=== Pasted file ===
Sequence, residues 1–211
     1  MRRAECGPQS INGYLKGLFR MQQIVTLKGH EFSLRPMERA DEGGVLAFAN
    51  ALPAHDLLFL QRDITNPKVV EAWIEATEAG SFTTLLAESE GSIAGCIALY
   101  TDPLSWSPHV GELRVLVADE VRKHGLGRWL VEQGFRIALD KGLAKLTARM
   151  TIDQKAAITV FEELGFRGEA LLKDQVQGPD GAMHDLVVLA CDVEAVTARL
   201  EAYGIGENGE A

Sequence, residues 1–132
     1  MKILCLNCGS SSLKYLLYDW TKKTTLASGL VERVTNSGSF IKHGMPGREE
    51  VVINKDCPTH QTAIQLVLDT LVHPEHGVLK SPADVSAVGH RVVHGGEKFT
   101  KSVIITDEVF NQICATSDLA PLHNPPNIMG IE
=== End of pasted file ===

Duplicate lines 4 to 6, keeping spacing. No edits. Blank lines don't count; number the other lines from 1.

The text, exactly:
   101  TDPLSWSPHV GELRVLVADE VRKHGLGRWL VEQGFRIALD KGLAKLTARM
   151  TIDQKAAITV FEELGFRGEA LLKDQVQGPD GAMHDLVVLA CDVEAVTARL
   201  EAYGIGENGE A